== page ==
Mat Kaplan: Thank you, Mike. Live long and prosper. I'm with you there. A wonderful introduction to why this is so important. We all know though that hiccups take place. Challenges come along periodically. We talked a little bit about one of them yesterday that has just surfaced in the last few weeks and that's Mars sample-return, which is now beginning this new process of being reconsidered. And of course, ESA has always been a big part of that effort, Didier. Using that not really to talk specifically as much about Mars sample-return, but about how these things, when they surface are handled across an international collaboration. Rebekah, I'll look to you. That has to add some challenge.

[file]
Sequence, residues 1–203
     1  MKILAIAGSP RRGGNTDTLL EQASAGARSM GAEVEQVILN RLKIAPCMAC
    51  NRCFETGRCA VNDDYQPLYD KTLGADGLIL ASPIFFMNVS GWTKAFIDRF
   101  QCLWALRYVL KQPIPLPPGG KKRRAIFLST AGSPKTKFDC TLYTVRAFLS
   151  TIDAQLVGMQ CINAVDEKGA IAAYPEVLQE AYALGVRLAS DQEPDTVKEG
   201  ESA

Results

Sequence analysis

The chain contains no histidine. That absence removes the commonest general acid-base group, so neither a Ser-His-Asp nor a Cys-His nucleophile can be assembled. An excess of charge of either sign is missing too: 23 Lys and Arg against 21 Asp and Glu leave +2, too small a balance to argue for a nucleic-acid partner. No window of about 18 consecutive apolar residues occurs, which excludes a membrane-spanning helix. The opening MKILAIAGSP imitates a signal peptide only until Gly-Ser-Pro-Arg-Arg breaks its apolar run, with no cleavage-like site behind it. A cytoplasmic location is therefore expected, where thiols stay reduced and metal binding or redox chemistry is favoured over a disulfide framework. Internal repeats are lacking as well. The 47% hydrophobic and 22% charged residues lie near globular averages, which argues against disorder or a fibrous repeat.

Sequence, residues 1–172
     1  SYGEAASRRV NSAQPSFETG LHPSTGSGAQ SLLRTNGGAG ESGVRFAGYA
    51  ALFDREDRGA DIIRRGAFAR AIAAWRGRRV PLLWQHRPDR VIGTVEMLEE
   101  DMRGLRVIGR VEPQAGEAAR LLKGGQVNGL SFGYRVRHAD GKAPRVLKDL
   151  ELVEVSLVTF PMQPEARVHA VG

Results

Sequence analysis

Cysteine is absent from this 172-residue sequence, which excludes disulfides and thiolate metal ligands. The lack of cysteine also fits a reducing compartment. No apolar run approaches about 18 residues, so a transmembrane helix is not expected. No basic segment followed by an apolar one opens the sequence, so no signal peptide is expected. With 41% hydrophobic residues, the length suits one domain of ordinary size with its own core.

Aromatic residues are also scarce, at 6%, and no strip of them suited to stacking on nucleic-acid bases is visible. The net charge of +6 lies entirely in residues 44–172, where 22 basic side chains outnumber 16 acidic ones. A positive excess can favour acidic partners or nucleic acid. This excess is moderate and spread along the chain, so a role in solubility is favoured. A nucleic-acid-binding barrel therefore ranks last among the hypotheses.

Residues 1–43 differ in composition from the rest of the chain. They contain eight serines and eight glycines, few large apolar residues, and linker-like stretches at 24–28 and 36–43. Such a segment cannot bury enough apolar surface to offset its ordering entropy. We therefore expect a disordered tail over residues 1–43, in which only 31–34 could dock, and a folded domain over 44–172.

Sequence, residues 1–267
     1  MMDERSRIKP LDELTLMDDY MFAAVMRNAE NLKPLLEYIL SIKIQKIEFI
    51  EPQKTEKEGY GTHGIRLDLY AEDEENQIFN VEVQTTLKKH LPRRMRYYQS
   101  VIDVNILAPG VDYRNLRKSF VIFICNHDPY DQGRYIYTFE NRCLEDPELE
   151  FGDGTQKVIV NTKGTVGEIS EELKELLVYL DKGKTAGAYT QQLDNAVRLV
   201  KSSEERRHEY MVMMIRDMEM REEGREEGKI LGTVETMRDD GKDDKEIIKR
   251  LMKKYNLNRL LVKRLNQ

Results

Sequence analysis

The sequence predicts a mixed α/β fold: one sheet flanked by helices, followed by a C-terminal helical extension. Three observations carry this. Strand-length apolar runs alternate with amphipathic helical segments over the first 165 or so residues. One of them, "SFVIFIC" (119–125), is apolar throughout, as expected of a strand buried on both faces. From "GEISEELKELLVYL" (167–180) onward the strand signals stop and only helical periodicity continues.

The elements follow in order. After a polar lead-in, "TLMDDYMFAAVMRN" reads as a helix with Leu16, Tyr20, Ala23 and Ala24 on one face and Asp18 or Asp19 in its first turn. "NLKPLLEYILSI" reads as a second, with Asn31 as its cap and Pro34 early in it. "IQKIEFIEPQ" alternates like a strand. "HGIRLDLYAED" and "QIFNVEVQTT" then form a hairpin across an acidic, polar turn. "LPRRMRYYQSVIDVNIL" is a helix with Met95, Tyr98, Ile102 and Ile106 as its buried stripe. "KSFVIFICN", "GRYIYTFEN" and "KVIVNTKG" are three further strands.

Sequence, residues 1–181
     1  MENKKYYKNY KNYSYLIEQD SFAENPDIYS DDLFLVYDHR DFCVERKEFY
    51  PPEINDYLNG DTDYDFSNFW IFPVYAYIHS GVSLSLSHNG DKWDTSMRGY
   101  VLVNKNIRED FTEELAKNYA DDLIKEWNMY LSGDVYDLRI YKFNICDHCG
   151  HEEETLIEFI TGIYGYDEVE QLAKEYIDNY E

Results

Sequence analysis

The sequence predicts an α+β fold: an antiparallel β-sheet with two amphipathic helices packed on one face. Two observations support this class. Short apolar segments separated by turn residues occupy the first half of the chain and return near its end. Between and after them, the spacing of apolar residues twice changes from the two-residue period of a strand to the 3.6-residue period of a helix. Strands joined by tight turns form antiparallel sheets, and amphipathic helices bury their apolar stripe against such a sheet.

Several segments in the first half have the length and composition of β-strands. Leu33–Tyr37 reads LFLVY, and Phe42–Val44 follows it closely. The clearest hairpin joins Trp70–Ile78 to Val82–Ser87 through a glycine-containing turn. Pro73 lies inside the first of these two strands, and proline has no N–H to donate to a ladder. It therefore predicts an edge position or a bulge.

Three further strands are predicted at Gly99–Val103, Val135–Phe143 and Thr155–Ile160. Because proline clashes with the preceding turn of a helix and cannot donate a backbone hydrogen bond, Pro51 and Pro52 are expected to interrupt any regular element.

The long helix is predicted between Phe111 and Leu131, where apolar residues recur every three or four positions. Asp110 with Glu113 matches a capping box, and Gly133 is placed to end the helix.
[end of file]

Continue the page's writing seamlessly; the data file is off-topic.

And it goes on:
Rebekah Davis Reed: Well, I think anytime you do something hard like spaceflight and complex like these missions, we don't expect them to go perfectly, which is part of the reason why we build frameworks for collaboration so that when problems arise, we're able to work with our partners and try to figure out what the next steps are. And ultimately, as Mike said, the goal is not just to get there, but to get there together. So we do what we can, we figure it out. It's not easy, but if it was easy, I don't think it would be quite as exciting as it is.

Mat Kaplan: Space is hard. Didier?

Rebekah Davis Reed: Space is hard.